Declaw Discount Coupons: Not Such a Great DealPublished December 6, 2010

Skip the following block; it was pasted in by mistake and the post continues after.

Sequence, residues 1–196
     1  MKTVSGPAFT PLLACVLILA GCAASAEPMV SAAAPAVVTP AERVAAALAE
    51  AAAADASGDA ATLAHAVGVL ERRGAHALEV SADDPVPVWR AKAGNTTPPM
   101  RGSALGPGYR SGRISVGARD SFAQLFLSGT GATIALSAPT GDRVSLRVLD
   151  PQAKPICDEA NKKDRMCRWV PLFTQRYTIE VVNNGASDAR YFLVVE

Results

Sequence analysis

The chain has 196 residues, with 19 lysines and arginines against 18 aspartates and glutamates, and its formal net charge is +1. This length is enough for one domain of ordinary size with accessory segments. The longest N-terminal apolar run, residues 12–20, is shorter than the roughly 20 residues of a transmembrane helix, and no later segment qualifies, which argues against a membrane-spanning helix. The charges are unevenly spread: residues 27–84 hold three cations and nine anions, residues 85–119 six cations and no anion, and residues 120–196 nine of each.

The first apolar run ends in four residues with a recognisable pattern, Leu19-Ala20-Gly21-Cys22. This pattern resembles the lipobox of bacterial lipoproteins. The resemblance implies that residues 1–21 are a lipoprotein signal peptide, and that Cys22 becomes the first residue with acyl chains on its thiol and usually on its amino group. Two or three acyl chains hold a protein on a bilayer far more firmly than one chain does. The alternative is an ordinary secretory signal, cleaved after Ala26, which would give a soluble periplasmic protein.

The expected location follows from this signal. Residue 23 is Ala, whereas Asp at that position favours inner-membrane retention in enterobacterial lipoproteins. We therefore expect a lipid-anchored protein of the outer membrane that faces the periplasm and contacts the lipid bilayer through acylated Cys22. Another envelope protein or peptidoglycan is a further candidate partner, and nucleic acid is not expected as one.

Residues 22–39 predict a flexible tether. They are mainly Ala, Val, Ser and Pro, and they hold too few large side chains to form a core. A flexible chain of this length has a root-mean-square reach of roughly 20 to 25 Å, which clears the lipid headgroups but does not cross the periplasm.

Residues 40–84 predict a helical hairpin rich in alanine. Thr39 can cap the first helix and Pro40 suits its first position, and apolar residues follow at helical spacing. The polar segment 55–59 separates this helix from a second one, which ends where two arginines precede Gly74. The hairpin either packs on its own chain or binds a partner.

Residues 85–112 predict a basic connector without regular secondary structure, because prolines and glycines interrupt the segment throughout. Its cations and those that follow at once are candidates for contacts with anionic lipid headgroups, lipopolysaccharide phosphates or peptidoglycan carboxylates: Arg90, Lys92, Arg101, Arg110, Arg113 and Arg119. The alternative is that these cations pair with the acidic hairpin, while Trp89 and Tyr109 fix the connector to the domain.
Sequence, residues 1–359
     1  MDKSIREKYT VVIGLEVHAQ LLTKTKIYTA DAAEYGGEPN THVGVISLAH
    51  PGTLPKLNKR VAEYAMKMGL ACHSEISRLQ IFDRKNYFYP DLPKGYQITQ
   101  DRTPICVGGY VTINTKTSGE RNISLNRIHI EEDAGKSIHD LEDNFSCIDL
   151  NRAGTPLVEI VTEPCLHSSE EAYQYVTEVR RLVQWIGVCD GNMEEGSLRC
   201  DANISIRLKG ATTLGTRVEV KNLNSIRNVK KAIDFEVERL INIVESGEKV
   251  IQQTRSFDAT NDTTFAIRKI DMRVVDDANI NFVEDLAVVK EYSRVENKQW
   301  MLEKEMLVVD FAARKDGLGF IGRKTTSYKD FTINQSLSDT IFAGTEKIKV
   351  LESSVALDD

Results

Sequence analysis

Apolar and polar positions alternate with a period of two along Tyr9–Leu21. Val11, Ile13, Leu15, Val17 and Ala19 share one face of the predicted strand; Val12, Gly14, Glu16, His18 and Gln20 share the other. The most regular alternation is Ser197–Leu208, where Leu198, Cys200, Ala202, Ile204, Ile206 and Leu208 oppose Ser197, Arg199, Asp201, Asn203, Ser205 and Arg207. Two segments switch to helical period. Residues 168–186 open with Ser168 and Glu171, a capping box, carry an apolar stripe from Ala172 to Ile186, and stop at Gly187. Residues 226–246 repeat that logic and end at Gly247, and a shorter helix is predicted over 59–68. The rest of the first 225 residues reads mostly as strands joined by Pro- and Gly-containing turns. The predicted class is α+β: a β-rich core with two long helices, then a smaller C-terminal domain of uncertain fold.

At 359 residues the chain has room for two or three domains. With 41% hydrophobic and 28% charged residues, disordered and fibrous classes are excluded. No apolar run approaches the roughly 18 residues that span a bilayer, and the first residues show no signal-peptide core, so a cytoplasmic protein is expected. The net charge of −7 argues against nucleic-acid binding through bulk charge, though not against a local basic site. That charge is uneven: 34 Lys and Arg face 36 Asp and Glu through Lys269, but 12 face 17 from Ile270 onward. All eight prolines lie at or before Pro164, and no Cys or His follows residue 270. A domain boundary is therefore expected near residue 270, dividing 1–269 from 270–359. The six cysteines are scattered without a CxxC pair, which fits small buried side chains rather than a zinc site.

It isn't any secret that I abhor the practice of declawing cats. It is not a simple procedure; it is the amputation of the first joint on the paws. Thirty-seven countries around the world have banned this unnecessary and inhumane practice. Several cities in California have already banned the procedure as well. Veterinarians take an oath, "Being admitted to the profession of veterinary medicine, I solemnly swear to use my scientific knowledge and skills for the benefit of society through the protection of animal health [and] the relief of animal suffering." However it has been well documented by veterinarians who refuse to do this procedure, that declaw surgery causes cats serious suffering. According to Michael W. Fox, noted veterinarian, bioethicist, syndicated columnist and author several books, including Cat Body, Cat Mind, "De-clawed cats tend to walk abnormally back on their heels rather than on their entire pads because of the chronic pain at the end of their severed fingers and toes. They often develop chronic arthritis and as the front toe pads shrink, chronic bone infections are common. Many cats find it painful to use the litter box, develop a conditioned aversion to using the box, and become un-housebroken." So much for the rationale that declawing cats preserves their homes! Many veterinary clinics eager to bring new clients into their practices by offering discount coupons on declaw surgery. I recently saw a coupon for a discount on declawing if the surgery was done in conjunction with neutering or spaying. One practitioner in Florida advertises discount coupons and recommends kittens may be safely declawed when 3 months old. This violates the American Veterinary Medical Association's recommendation that the procedure to be done only "after attempts have been made to prevent the cat from using its claws destructively." Another clinic in Detroit, Michigan offers "bargain" rates for declawing two paws for $ 76, with all four paws for only $96. Gotta keep that cash register overflowing! Many practitioners are unwilling to disclose what declawing surgery entails, even though the American Veterinary Medical Association believes that veterinarians are obligated to provide complete education in regard to declawing. Many paws have been saved by our veterinarian. She is strongly against declawing so she fully describes the procedure and offers alternatives. Since most folks inquiring haven't a clue about what declawing entails, once informed, they change their minds. Regularly trimming nails, patiently training cats to use appropriate scratching posts and material is all that is needed to preserve "precious" furniture; the main reason why people consider declawing. It infuriates and breaks my heart that the majority of veterinarians in the United States and Canada, (many of which are unwilling to learn about or appreciate the gravity and dangers connected with declaw surgery), routinely declaw to keep their clients happy, and of course to make money. With the abundance of feline friendly alternatives to declawing on the market, I cannot fathom why anyone who understands cat's special needs and truly loves them would ever declaw them. For more information about the dangers of declawing, read Dr. Jean Hofve's excellent article at littlebigcat.com. After fully understanding the negative effects of the procedure, would you declaw your cat? Leave a comment and share your thoughts.